Musical Archives! Celebrating National Piano Month

September is National Piano Month. Today’s post comes from Thomas Richardson, an archives technician at the National Personnel Records Center in St. Louis, Missouri. Entertainment by Dave Brubeck Quartet in the East Room during the State Dinner for President Julio Maria Sanguinetti of Uruguay, 6/17/1986. (National Archives Identifier 75854863)  Many great musicians, composers, and songwriters … Continue reading Musical Archives! Celebrating National Piano Month

Facial Hair Friday: Thomas Dewey

It’s Facial Hair Friday, and we’re taking a look at Governor Thomas E. Dewey, the last major party candidate for the Presidency to have any facial hair. Today’s post comes from Rachel Bartgis, conservator technician at the National Archives at College Park, MD. Thomas Edmund Dewey was born March 24, 1902, in Owosso, Michigan. Young … Continue reading Facial Hair Friday: Thomas Dewey

A Promise to Faithfully Execute the Office: Presidential Inaugurations

January 20 is Inauguration Day. Visit the National Archives website for more information on Presidential elections and inaugurations.  At noon on January 20, 2021, President-elect Joe Biden will recite the oath of office in accordance with Article II, Section I of the U.S. Constitution: "I do solemnly swear (or affirm) that I will faithfully execute the … Continue reading A Promise to Faithfully Execute the Office: Presidential Inaugurations

Top 10 of 2020

As we put 2020 into the past, we’re taking a look back on the most popular posts published this year. Thank you to the National Archives staff who helped us share our love of history.   10. The fourth installment of a series about unratified constitutional amendments, Unratified Amendments: Regulating Child Labor, explored an amendment proposed … Continue reading Top 10 of 2020

Winter at the White House

The White House is full of holiday traditions from parties and decorations to the lighting of the National Christmas Tree and Menorah. Today we’re looking back on winter holidays for each President in our Presidential Library system. The National Christmas Tree is illuminated on the Ellipse in Washington DC, 12/9/2010. (National Archives Identifier 176553384) Before … Continue reading Winter at the White House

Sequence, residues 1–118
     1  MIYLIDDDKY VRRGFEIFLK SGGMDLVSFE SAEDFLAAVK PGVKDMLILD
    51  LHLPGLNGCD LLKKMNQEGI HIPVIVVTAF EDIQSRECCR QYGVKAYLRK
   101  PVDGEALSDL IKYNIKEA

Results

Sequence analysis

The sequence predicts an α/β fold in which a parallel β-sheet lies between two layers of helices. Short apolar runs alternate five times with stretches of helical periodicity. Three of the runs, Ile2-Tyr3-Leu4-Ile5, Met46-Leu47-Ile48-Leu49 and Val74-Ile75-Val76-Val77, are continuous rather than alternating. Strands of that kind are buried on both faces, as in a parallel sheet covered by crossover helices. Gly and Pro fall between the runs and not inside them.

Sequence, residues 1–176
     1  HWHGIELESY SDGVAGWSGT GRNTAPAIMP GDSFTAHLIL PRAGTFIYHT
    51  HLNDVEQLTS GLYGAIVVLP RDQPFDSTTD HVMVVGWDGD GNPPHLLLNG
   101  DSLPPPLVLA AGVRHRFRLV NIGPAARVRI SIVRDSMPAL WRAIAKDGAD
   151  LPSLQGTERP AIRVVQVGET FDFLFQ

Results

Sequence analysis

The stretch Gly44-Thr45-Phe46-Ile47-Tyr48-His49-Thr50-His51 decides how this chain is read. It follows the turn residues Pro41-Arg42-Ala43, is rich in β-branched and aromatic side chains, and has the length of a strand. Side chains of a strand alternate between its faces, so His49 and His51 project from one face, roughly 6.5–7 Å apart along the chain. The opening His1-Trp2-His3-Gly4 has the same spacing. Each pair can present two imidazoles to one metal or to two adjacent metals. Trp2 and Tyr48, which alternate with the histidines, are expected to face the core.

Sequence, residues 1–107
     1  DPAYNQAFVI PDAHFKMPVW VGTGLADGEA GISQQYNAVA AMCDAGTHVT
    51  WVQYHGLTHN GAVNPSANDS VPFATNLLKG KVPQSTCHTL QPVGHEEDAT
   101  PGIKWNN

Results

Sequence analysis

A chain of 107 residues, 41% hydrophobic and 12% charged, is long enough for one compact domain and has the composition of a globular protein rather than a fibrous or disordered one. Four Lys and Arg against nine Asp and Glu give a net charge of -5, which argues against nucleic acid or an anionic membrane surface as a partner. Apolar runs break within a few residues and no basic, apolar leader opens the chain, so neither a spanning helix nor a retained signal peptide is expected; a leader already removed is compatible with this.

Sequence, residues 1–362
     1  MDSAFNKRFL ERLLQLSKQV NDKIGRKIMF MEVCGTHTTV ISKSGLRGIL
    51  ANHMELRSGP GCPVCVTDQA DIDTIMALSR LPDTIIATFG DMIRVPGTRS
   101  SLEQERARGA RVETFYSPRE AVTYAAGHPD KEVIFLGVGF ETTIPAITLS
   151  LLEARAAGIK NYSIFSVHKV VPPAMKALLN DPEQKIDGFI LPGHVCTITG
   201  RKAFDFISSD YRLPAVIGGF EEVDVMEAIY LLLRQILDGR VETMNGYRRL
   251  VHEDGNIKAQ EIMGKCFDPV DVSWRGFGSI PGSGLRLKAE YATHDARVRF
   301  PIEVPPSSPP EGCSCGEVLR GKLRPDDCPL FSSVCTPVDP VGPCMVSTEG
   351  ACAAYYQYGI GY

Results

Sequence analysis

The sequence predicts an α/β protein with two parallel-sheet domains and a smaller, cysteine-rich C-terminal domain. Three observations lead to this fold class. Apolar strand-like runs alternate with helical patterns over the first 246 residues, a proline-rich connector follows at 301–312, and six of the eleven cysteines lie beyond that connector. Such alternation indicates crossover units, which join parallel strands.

The National Archives and the Electoral College

When you vote in November, you won’t be casting your ballot directly for the Republican nominee or the Democratic nominee or any other candidate who wants to be President. Instead, you will be voting for the people who will actually “elect” the next President. They are called “electors,” and their names are often on the … Continue reading The National Archives and the Electoral College

Amending the Electoral College: The 12th Amendment

The Electoral College is outlined in Article II, Section 1, of the U.S. Constitution. It is the formal body that elects the President and Vice President of the United States. Back in 1787, when the delegates to the Constitutional Convention were trying to figure out how the President should be chosen, some wanted the Congress … Continue reading Amending the Electoral College: The 12th Amendment

The 1824 Presidential Election and the “Corrupt Bargain”

As we get ready to go to the polls on November 3, we're looking back one of the more controversial elections—the 1824 Presidential election. Today’s post comes from Michael J. Hancock, an archives technician at the National Archives at College Park, MD.  John Quincy Adams was elected President on February 9, 1825, when the House … Continue reading The 1824 Presidential Election and the “Corrupt Bargain”

The 1932 Bonus Army: Black and White Americans Unite in March on Washington

Today's post comes from Alice Kamps, a curator at the National Archives in Washington, DC. It would not be Gen. Douglas MacArthur’s last act of insubordination. Decades later, his recalcitrance cost him his career. But this time there would be no discernible consequences, at least not for him. Against direct orders from the President, MacArthur … Continue reading The 1932 Bonus Army: Black and White Americans Unite in March on Washington

“I never wanted to do anything as badly in my life:” Bess Truman Bobs Her Hair

Today's post comes from Tammy Williams, Archivist and Social Media Coordinator at the Harry S. Truman Presidential Library and Museum. These days, everyone seems to be struggling with their hair. Hair salon closures due to the coronavirus pandemic have men with shaggy hair, or just shaving it all off, and women contemplating at-home trims. But … Continue reading “I never wanted to do anything as badly in my life:” Bess Truman Bobs Her Hair